“My son just lost his older brother last year down in the projects. Got shot... It's hard,” Talley said. “It's just the norm."
Talley said her son became one of three other kids in his class to have lost older brothers and sisters.
"It's horrible," she said. "It's horrible.”
She said her son's brother's murder hadn’t been solved, and it’s been hard for her family. She’s losing faith in the police, in city leadership and in her community. Similar to Boykins’ father, Talley said she is saving up to move out of Cleveland to hopefully give her children a safer life.
Some choose to stay and fight for change
But not everyone has the option of moving. And then there are those who choose to stay and fight for change.
Victim advocate Yvonne Pointer has long been a cornerstone of her block in the Glenville neighborhood on Cleveland's East Side. She said that while violence has gotten worse, she’s seen how her block has evolved with mutual aid.
“So somebody might say, 'Well, I'm going to move to the West Side. I'm going to move to the suburbs.' And I don't know if that's the answer,” Pointer said. “I think the only way that evil can prevail is when good people do nothing. Even in this community that I'm in, I don't necessarily love it, but I know that they need a light as well.”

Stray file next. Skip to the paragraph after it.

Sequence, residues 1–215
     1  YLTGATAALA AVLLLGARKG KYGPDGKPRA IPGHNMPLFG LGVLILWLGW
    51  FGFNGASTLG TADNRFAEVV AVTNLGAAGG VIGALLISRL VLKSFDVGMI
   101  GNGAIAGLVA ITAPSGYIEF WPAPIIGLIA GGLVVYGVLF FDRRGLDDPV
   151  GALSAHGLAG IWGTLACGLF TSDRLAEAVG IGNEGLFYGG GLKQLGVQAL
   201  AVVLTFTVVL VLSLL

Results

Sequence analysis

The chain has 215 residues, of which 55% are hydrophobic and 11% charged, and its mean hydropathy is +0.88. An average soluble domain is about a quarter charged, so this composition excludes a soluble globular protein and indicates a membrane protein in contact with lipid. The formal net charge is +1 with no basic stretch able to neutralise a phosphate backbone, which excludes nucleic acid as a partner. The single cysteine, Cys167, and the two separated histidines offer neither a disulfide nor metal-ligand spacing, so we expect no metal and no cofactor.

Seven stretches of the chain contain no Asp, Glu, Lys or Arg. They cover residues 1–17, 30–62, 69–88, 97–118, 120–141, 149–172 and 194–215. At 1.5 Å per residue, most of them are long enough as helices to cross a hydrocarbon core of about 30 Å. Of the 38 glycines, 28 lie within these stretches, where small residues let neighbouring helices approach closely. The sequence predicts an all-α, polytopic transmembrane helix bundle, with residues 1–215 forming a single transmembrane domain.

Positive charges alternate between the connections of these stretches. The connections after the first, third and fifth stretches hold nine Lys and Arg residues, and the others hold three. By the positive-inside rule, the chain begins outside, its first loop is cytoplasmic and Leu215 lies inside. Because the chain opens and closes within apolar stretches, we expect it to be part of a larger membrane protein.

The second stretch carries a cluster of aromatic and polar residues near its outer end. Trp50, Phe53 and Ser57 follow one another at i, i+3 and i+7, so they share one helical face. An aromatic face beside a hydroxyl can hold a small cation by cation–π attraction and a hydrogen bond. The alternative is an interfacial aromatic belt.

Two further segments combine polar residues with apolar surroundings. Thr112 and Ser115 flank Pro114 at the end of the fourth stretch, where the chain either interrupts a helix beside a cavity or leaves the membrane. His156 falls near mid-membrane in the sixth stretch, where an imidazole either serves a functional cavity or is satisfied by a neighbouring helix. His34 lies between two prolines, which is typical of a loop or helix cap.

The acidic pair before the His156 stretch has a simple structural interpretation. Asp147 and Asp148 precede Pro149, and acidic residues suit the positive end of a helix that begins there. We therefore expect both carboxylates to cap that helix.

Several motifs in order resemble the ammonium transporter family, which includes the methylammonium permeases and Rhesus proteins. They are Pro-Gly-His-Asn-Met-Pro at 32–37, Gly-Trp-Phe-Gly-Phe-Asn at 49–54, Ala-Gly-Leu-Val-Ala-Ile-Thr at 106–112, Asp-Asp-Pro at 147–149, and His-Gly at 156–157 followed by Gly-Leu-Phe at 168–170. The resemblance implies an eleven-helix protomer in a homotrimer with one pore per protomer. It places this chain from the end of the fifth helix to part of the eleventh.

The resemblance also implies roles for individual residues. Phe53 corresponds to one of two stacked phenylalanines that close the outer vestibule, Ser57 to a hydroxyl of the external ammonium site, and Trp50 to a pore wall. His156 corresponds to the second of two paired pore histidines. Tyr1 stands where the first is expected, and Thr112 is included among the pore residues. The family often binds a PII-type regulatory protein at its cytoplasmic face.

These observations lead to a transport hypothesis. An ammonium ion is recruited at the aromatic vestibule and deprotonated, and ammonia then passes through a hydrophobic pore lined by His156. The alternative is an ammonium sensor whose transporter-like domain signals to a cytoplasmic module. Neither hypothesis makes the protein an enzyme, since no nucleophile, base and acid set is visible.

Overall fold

Pointer insists simple kindness and neighbors watching out for each other, like helping the boy around the corner who’s getting in trouble at school with his homework or taking the kid who loves sports to a Cavaliers game, does make a difference, and can alter the lives of not only youth but adults. She also frequents the local jail to speak with people who are incarcerated and who have been convicted of violent crimes before they return to the community.
It’s important to her because she knows what it’s like to experience violent loss. In 1984, her 14-year-old daughter, Gloria, was raped and killed on her way to school. Pointer dedicated the next decades of her life to finding her daughter’s murderer and advocating for peace in Cleveland, particularly among youth, so no one else has to experience what she has.